Volunteering is a wonderful way to end loneliness. Think of all the lonely people in hospitals and old age homes that would be delighted to spend time with you. Besides offering the opportunity to make new friends and learn new things, volunteering makes you feel good about yourself. So, keep in mind the words of Tennessee Williams (1914 ~ 1983), “When so many are lonely as seem to be lonely, it would be inexcusably selfish to be lonely alone.” Besides volunteering, think about support groups, clubs, meetings, sports, and other activities. It’s hard to be lonely when you’re busy!
Finally, develop a positive attitude. Do this by reading inspirational material. A wonderful piece to start with is “Desiderata,” which was written in 1927 by Attorney, Max Ehrmann (1872 ~ 1945). If you follow its instructions, you will not only end loneliness, but also find your path and values in life. Here is “Desiderata” (Latin for “those things to be desired”):
“Go placidly amid the noise and haste, and remember what peace there may be in silence. As far as possible, without surrender, be on good terms with all persons. Speak your truth quietly and clearly; and listen to others, even to the dull and ignorant; they too have their story. Avoid loud and aggressive persons, they are vexations to the spirit.
“If you compare yourself with others, you may become vain and bitter, for always there will be greater and lesser persons than yourself. Enjoy your achievements as well as your plans. Keep interested in your own career, however humble; it is a real possession in the changing fortunes of time.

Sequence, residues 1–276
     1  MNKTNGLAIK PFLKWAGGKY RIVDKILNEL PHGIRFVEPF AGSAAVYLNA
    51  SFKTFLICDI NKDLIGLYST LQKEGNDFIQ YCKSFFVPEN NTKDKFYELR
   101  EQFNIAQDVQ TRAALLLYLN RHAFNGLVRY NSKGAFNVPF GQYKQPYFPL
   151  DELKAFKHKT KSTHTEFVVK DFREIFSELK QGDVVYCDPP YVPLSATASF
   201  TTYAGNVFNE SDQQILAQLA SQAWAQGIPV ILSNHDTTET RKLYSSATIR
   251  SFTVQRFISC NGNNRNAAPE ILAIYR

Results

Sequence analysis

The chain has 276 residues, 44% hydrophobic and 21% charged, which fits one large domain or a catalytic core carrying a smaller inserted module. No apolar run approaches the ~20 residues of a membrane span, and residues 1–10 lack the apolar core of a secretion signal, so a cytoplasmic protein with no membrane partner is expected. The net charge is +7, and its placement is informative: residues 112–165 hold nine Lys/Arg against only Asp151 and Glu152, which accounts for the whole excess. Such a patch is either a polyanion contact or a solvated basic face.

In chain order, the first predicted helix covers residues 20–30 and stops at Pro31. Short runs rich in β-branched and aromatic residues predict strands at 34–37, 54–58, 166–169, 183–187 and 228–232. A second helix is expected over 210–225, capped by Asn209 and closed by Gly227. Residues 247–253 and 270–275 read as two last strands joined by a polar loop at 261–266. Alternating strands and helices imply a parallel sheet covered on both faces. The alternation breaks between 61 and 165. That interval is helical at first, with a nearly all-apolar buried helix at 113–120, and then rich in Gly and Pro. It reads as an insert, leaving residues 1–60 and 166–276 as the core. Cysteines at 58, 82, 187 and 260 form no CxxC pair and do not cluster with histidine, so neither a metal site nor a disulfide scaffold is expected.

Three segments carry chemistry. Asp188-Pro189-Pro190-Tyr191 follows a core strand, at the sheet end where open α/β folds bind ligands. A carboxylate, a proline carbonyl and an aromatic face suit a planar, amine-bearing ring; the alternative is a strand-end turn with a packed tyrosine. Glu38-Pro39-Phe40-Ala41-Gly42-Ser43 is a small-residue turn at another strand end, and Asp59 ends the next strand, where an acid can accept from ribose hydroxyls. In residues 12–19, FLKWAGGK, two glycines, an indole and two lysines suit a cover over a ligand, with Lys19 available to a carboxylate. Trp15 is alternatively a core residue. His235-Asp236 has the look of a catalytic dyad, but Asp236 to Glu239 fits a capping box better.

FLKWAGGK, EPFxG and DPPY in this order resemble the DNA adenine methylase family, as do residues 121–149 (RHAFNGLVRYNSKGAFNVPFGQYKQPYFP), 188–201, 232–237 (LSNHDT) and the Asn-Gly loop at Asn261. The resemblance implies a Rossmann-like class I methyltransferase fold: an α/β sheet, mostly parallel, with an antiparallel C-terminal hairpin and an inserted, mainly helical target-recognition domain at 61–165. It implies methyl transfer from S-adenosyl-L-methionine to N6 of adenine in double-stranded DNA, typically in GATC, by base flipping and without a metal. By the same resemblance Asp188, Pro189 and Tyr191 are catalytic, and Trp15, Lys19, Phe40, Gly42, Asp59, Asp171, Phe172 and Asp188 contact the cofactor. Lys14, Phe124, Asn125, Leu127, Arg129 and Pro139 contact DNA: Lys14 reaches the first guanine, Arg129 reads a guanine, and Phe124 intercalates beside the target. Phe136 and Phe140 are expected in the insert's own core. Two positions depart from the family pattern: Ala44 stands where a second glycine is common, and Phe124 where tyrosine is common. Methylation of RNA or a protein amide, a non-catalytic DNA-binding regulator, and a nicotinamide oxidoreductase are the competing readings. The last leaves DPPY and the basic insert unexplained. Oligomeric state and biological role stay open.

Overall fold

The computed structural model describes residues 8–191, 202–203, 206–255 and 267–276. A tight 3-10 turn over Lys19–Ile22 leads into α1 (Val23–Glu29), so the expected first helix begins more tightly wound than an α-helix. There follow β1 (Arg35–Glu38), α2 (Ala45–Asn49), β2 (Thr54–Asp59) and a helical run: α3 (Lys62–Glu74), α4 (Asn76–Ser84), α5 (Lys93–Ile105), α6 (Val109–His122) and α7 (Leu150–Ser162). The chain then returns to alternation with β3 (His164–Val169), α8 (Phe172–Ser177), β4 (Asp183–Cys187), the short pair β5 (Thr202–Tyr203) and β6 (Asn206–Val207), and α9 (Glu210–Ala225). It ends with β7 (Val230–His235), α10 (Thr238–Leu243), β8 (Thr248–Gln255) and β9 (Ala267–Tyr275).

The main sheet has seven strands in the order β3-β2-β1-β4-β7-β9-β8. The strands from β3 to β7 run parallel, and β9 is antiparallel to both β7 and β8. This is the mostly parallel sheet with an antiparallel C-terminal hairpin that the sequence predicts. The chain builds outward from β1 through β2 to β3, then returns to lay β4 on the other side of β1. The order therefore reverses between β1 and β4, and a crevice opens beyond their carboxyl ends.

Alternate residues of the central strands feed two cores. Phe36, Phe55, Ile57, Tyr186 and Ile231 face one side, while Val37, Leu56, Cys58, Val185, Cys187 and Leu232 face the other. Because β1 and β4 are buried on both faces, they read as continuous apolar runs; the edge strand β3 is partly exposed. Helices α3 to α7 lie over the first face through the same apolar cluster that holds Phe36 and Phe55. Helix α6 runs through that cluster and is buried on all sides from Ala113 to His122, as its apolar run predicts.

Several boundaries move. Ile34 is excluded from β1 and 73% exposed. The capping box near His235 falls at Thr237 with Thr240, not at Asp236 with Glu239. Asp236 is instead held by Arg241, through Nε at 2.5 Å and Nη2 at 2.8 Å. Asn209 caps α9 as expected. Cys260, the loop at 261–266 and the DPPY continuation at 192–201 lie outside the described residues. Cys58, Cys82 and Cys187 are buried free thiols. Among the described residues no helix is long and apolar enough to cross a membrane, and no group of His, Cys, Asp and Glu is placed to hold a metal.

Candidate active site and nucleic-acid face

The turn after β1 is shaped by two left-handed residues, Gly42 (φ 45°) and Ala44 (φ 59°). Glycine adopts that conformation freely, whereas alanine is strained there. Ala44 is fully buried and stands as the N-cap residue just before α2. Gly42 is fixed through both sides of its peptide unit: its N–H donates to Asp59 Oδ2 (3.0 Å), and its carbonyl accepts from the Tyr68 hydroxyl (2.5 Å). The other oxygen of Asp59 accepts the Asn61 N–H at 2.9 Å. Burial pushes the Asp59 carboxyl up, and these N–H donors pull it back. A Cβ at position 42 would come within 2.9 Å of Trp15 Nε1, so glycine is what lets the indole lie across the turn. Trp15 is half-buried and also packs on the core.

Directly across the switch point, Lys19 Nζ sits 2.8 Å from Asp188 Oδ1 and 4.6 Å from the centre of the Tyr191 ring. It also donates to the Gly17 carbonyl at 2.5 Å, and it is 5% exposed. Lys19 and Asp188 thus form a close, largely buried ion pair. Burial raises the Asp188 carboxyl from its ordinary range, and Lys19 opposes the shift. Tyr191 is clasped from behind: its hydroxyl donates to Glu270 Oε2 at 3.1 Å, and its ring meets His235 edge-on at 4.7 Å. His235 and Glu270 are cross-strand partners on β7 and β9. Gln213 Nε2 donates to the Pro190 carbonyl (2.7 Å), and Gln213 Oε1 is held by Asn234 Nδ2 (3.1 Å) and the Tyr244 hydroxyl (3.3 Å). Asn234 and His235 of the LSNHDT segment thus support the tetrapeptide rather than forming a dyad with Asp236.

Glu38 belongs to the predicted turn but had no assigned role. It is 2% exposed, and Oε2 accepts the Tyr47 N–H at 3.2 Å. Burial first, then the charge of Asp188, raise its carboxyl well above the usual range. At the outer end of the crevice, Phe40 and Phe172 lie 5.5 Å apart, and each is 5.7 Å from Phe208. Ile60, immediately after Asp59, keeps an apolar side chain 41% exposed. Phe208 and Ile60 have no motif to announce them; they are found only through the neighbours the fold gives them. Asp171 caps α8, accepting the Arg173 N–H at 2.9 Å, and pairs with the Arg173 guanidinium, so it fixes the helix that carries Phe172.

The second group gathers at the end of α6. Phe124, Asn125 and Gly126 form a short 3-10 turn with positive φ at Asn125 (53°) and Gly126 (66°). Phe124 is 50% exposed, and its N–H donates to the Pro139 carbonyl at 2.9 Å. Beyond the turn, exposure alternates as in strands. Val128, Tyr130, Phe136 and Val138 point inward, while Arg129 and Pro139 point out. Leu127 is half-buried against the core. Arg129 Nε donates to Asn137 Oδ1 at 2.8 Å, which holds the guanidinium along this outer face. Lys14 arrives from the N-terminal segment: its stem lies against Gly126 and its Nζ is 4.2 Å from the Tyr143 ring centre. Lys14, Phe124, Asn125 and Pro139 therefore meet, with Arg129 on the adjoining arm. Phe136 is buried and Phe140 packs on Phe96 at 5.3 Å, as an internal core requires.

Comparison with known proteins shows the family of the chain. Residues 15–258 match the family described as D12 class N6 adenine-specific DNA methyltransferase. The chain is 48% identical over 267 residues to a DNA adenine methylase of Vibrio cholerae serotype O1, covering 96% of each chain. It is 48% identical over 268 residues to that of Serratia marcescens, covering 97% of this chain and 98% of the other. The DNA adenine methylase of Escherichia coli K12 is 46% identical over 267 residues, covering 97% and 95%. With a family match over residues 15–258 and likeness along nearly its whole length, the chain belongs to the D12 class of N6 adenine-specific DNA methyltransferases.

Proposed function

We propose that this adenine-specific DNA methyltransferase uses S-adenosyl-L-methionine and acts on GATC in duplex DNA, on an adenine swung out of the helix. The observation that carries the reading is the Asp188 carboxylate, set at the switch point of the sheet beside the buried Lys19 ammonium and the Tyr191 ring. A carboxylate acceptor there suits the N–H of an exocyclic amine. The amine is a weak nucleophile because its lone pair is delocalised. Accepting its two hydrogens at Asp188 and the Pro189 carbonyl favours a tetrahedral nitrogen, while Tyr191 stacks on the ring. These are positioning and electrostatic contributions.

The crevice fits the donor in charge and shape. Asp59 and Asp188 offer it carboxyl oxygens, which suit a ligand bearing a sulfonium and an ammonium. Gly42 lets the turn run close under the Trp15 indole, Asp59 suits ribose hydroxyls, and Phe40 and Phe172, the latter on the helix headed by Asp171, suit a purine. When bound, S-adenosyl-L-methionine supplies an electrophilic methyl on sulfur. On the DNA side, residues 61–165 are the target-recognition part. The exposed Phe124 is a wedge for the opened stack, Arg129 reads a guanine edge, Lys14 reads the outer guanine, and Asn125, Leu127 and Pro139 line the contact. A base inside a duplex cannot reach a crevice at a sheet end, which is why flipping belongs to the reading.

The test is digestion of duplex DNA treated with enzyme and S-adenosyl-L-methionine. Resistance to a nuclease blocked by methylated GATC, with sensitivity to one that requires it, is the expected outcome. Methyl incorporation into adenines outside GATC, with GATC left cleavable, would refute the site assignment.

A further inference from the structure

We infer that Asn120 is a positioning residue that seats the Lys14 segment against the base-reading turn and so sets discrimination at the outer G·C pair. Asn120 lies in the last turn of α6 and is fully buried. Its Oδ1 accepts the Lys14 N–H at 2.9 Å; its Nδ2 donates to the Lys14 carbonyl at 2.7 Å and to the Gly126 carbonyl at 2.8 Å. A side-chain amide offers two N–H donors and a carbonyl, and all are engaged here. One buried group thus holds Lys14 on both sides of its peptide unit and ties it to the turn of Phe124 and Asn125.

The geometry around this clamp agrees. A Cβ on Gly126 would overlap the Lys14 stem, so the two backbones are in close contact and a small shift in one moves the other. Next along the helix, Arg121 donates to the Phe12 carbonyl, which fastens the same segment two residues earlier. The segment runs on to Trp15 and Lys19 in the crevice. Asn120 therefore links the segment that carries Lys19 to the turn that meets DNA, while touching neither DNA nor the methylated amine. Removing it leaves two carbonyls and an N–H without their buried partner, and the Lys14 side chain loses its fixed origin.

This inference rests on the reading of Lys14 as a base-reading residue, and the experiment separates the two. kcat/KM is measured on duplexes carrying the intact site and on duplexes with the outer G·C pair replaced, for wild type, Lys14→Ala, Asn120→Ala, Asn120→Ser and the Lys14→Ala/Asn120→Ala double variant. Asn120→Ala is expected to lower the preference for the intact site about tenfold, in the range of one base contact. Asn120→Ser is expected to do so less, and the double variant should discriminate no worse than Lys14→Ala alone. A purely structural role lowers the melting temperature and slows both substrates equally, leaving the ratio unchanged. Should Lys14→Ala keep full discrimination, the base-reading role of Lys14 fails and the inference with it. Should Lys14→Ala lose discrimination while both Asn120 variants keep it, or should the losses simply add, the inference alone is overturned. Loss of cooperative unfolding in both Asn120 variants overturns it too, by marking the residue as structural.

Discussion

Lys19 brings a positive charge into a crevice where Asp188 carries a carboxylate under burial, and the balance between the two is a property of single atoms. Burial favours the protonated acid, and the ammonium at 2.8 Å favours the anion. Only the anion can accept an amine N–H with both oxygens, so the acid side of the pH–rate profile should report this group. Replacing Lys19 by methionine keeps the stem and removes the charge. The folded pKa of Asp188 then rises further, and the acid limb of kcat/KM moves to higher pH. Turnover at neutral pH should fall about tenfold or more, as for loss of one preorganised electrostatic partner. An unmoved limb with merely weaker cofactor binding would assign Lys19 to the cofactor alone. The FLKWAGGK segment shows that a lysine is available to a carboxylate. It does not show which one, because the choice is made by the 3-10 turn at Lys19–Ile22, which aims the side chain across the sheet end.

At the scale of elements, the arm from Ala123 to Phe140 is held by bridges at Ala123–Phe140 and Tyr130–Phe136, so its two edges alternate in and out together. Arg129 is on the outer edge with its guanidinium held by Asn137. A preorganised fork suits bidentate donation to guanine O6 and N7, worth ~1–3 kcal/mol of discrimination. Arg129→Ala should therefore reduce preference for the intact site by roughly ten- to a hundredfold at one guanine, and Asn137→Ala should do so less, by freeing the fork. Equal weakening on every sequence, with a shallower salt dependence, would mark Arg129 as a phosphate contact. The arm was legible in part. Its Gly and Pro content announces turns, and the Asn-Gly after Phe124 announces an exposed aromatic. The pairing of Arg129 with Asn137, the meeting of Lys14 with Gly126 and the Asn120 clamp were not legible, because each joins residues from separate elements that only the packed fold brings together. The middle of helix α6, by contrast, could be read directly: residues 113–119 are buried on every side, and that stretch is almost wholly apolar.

“Exercise caution in your business affairs, for the world is full of trickery. But let this not blind you to what virtue there is; many persons strive for high ideals, and everywhere life is full of heroism. Be yourself. Especially do not feign affection. Neither be cynical about love; for in the face of all aridity and disenchantment it is as perennial as the grass. Take kindly the counsel of the years, gracefully surrendering the things of youth.
“Nurture strength of spirit to shield you in sudden misfortune. But do not distress yourself with dark imaginings. Many fears are born of fatigue and loneliness. Beyond a wholesome discipline, be gentle with yourself. You are a child of the universe no less than the trees and the stars; you have a right to be here. And whether or not it is clear to you, no doubt the universe is unfolding as it should.
“Therefore be at peace with God, whatever you conceive Him to be. And whatever your labors and aspirations, in the noisy confusion of life, keep peace with your soul. With all its sham, drudgery and broken dreams, it is still a beautiful world. Be careful. Strive to be happy.”
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Chuck Gallozzi lived, studied, and worked in Japan for 15 years, immersing himself in the wisdom of the Far East and graduating with B.A. and M.A. degrees in Asian Studies. He is a Certified NLP Practitioner, speaker, seminar leader, and coach. Corporations, church groups, teachers, counsellors, and caregivers use his more than 400 articles as a resource to help others. Among his diverse accomplishments, he is also the Grand Prix Winner of a Ricoh International Photo Competition, the Canadian National Champion of a Toastmasters International Humorous Speech Contest, and the Founder and Head of the Positive Thinkers Group that has been meeting at St. Michael’s Hospital, Toronto since 1999. His articles are published in books, newsletters, magazines, and newspapers. He was interviewed on CBC’s “Steven and Chris Show,” appearing nationally on Canadian TV. Chuck can be contacted at email@example.com. View his photography at https://500px.com/chuckgallozzi